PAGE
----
Sirious Application

The current iteration of iPhone (4S) has been awaited for a really long time. This was in part due to Apple’s delay in its unveiling, which bypassed the usual June announcement schedule that has been in place for four years or so. When it came out, the new iPhone was predictably impressive in terms of its technical aspects – faster processor, better camera, etc. However, as the name suggests 4S was only an evolutionary step away from iPhone 4. Aside from the iCloud integration, there doesn’t seem to have been any new “killer” features that redefine the way we use our phones – with one very notable exception. Siri, Apple’s new voice-controlled electronic assistant, was something that seemed to have dropped out of a SciFi movie. For many of us this was the first direct contact with artificial intelligence, and possibly the first step into the upcoming increasingly intuitive ways that we interact with technology.

Like almost everyone else, I was fascinated with Siri from the moment I started using it. It took Siri a little while to get used to my accent (and learn how to properly pronounce my name), but after a while it performed fluidly and without any major issues. It was a fun thing to use, and to this day I regularly employ it to add items to my schedule or compose a text message. However, until two days ago I didn’t think that there was a need for it other than to make the task that I already do more efficient. This Thursday I had to go to see an optometrist, and among other tests and exams I had my eyes dilated. As you may know, this seriously messes up your vision for a few hours, especially for the near objects. I was unable to see clearly, so I had to call up my wife and tell her that I’ll be late. The problem was I could not see anything on my iPhone, so any kind of dialing (even quick dialing) was out of question. Unlike the phones with a physical keyboard, there is no tactile feedback on iPhone so I could not wing it that way either. That’s where Siri’s help became invaluable: I just told my phone to call my wife at work, and that’s what she did. Pretty amazing when you think of it, and it opened my eyes (no pun intended) to the whole new world of possibilities that Siri opens up, especially for people with impaired vision. I will never think of Siri as just a handy toy any more.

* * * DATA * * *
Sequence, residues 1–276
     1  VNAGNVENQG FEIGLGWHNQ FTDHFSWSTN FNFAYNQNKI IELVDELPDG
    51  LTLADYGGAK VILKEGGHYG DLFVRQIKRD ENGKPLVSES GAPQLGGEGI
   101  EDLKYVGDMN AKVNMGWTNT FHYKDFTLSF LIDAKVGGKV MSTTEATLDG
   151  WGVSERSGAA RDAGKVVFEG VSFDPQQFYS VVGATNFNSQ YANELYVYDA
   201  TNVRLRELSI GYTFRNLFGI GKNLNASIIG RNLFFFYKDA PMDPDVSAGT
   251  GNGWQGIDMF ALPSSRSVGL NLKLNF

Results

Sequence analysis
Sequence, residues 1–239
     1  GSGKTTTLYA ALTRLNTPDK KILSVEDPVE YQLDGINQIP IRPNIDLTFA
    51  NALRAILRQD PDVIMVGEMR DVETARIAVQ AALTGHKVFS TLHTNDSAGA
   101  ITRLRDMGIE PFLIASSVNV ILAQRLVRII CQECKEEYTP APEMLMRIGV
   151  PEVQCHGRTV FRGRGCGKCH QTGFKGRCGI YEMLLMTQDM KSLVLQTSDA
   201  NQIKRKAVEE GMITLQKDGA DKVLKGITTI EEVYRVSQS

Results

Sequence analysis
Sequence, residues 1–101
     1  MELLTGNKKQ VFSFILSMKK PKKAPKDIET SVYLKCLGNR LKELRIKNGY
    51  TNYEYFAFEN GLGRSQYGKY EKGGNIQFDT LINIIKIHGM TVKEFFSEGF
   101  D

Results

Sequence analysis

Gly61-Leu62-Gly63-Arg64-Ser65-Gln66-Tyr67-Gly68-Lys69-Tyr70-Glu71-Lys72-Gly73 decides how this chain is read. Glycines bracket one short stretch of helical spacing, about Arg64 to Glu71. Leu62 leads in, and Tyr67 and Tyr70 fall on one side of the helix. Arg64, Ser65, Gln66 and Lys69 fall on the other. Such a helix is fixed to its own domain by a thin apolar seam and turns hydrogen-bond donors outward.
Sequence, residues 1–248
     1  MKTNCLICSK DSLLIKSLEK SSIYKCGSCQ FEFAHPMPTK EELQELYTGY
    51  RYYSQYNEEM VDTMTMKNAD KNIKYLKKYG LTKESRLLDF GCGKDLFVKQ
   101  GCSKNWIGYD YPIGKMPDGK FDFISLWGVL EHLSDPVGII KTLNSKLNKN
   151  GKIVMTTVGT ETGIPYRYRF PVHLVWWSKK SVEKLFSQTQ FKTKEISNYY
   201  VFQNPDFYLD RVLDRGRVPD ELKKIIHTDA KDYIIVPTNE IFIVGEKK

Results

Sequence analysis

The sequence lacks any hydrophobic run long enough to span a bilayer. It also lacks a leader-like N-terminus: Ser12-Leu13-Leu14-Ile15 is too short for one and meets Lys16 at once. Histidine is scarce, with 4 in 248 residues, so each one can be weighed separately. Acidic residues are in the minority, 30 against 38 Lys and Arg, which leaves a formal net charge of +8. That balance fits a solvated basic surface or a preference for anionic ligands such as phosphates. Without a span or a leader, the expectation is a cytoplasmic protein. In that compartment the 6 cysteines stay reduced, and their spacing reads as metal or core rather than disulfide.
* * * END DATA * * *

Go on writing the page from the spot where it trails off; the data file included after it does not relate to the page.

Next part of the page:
Bojan Tunguz

Bojan Tunguz was born in Bosnia and Herzegovina, which he and his family fled during the civil war for the neighboring Croatia. Over the past two decades he has studied, lived and worked in the United States. He is a theoretical physicist with degrees from Stanford and University of Illinois. Tunguz has taught physics at several prominent liberal arts colleges and has been writing about physics, science and technology for more than a decade. He also has a wide spectrum of interests, and reads and writes about current events, society, culture, religion and politics. Over the years he has reviewed many of the books that he has read, and posted his reviews on various online outlets. In 2011 he had become a top 10 reviewer on, where he continues to be very active. Aside from reading and writing, Tunguz enjoys traveling, digital photography, hiking, and fitness. He resides with his wife in Indiana. You can follow my review updates on the following pages as well: Facebook: Twitter: Google+:

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